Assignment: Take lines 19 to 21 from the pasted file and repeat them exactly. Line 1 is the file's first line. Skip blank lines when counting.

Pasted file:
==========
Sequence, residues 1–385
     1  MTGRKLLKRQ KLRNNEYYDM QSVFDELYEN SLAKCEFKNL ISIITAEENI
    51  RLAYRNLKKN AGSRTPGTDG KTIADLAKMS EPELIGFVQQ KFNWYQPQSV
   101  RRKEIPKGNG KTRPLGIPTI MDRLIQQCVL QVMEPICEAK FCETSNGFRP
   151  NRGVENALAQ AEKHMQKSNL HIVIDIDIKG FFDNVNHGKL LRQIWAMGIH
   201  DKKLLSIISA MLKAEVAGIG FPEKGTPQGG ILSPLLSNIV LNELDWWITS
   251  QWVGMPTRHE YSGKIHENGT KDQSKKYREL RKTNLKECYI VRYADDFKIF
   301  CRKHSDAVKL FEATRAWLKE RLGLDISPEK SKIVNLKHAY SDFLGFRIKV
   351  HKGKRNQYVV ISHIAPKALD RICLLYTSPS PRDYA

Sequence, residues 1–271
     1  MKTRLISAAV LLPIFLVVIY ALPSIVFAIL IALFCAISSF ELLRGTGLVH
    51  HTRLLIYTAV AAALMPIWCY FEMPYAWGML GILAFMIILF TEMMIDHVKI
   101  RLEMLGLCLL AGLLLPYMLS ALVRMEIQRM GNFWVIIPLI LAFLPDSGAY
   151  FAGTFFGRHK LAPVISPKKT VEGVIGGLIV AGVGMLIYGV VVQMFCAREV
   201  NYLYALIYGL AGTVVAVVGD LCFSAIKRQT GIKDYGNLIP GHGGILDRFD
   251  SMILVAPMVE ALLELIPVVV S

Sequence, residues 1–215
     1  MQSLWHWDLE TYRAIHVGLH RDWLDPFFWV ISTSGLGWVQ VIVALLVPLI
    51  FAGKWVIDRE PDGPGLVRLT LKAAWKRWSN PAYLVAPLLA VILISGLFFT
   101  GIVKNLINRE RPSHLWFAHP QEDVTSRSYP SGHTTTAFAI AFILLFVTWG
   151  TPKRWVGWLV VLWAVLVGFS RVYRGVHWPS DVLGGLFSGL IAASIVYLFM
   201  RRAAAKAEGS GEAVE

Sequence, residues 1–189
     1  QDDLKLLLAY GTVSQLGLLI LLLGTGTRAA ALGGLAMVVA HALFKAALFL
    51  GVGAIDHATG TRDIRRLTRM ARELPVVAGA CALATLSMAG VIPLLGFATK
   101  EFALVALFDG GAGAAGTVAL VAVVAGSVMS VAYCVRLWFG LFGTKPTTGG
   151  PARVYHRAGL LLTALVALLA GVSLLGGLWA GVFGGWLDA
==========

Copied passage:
    51  FAGKWVIDRE PDGPGLVRLT LKAAWKRWSN PAYLVAPLLA VILISGLFFT
   101  GIVKNLINRE RPSHLWFAHP QEDVTSRSYP SGHTTTAFAI AFILLFVTWG
   151  TPKRWVGWLV VLWAVLVGFS RVYRGVHWPS DVLGGLFSGL IAASIVYLFM